The Surprise Act: Surprise Changes to Out of Network Medical Billing
On December 27, 2020, Congress enacted, and the President signed, H.R. 3630, the Surprise Act (“Act”), which will take effect on January 1, 2022. This Act expands restrictions on charging health care plan holders out-of-network rates for certain services and applies to nearly all private health care providers. First, the Act requires insurers offering plans that cover emergency services to bill plan holders no more than the median in-network rate for a particular emergency service, even if the service provider is out of network. It further prohibits insurers from billing plan holders more than the median in-network rate for nonemergency services provided by out-of-network providers at in-network facilities.
The Act specifies that out-of-network providers may not bill plan holders for the difference between the in-network and out-of-network rates for emergency services. It further prohibits out-of-network providers from billing plan holders for the difference in rates for nonemergency services provided at an in-network facility unless the provider complies with specified notice and consent requirements. Even when complying with these requirements, an out-of-network provider may not charge plan holders for the difference in rates for such nonemergency services if the provider is based at the in-network facility and is the only provider available to deliver the particular treatment or service at the facility.
Fortunately for providers, the Act establishes a process for resolving payment disputes through an independent dispute resolution (“IDR”), which is similar to New Jersey’s recently enacted out-of-network law. Providers and Healthcare plans are required to negotiate payment amount for at least (30) days prior to the provider seeking resolution through IDR. The process is commonly referred to as baseball style arbitration where the provider and plan submit final offers for payment and within thirty (30) days the arbitrator will render their decision. These decisions are binding, and the losing party is responsible for any arbitration related fees.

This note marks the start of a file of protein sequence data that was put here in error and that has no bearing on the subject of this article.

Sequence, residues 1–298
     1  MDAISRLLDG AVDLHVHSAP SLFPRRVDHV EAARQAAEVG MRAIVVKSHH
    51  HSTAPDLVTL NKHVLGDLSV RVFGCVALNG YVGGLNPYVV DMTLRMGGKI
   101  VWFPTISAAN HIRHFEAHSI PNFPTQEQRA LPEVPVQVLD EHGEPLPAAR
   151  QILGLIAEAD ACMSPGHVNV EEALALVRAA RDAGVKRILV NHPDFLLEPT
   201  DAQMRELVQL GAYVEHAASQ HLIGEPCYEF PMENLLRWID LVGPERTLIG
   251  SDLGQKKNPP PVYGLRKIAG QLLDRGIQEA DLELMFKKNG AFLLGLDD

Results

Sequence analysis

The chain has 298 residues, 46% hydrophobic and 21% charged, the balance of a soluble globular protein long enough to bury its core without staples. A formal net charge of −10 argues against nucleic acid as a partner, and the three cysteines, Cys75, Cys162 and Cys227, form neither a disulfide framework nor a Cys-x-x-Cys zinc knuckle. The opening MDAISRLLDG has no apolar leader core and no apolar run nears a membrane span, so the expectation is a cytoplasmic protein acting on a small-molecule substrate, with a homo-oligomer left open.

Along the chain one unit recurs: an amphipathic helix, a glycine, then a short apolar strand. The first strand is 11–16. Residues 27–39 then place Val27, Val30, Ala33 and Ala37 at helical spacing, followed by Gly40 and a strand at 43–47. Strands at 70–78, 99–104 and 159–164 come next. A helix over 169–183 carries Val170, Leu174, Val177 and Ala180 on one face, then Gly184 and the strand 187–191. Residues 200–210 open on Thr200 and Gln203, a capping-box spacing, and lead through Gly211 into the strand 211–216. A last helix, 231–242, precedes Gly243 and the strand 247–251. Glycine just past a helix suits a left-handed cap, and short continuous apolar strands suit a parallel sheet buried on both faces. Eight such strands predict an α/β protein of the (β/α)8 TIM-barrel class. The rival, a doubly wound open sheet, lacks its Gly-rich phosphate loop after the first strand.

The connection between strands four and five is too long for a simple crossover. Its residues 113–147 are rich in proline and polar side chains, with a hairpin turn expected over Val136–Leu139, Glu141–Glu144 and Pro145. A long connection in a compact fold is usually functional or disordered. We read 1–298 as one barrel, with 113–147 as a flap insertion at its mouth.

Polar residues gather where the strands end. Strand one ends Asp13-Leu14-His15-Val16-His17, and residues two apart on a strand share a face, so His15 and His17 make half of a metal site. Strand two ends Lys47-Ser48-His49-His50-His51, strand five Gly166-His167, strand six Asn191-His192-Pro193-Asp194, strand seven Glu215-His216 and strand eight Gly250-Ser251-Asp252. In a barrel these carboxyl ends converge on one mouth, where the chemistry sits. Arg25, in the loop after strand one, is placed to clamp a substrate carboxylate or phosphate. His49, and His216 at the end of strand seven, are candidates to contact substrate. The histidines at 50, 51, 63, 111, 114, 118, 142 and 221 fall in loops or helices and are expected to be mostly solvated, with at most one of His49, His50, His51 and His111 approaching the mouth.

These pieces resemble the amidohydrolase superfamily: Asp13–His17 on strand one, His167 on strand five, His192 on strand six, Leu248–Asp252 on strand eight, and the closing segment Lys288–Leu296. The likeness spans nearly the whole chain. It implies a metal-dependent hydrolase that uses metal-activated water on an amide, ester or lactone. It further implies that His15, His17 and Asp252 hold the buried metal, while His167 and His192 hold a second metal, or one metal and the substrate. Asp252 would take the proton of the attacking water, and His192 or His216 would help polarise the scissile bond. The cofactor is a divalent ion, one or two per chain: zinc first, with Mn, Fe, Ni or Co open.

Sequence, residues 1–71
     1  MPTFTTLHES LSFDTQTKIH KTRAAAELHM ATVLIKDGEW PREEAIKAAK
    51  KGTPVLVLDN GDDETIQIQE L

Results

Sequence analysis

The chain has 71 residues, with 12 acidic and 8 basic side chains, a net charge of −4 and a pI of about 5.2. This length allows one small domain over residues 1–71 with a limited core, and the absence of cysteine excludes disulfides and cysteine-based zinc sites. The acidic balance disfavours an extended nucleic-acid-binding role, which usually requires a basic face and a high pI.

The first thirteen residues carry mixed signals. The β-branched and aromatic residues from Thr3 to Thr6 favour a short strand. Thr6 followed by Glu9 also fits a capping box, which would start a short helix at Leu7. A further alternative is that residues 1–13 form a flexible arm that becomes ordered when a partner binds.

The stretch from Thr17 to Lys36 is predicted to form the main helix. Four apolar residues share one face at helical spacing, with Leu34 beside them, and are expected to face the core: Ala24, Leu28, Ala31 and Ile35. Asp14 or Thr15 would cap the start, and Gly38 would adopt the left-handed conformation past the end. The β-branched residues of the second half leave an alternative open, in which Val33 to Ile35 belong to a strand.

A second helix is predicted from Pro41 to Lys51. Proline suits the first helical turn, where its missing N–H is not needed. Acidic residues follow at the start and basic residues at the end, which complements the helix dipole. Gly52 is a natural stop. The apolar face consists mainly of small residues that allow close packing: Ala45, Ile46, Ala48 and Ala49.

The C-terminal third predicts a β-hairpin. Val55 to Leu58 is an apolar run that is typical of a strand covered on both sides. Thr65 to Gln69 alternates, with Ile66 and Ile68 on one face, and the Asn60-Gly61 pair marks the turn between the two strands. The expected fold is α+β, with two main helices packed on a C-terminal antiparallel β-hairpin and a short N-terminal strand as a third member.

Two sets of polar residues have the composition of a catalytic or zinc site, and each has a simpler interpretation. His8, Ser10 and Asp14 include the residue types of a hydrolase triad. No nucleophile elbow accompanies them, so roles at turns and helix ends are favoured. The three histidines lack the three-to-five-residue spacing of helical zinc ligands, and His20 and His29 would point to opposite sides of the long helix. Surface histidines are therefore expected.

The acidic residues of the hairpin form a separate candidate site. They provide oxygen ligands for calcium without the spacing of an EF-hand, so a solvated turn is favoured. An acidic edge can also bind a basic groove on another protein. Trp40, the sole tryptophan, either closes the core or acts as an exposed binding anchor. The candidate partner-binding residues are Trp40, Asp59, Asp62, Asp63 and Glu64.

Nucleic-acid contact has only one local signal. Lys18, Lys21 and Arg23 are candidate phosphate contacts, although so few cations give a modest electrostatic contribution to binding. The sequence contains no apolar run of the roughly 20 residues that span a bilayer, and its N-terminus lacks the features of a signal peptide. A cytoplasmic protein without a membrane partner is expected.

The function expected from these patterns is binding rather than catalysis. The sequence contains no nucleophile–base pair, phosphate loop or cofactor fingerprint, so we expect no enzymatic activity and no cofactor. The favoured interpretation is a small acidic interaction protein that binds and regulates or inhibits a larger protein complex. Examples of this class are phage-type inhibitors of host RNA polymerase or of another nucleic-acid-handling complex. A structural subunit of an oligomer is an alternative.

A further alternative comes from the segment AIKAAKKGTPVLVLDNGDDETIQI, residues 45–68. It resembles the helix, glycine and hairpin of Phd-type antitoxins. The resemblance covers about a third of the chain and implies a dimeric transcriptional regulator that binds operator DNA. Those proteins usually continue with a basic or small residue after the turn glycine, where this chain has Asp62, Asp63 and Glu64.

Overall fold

States will be primarily responsible for enforcement of the Surprise Act with the federal government maintaining oversight as a fallback enforcer. Several states have already enacted surprise bills laws for healthcare plans. However, by July 1, 2021 the Secretary of Health and Human Services is required to establish a complaint process for violations of surprise billing protections by health care providers and facilities for consumers. Violations of this act by providers could result in fines as high as $10,000.00.
As these new policies are implemented, compliance related issues will likely create new costs for providers and healthcare plans. Providers will need to implement new procedures and systems to track payment negotiations/efforts in order to preserve arbitration rights. The establishment of a reliable compliance program is essential to receiving fair payment for services rendered and not leaving money on the table.
How Frier Levitt Can Help
Contact Frier Levitt today to discuss how this new law may impact your practice and how we can help implement a compliance program in anticipation of the effective date of this law.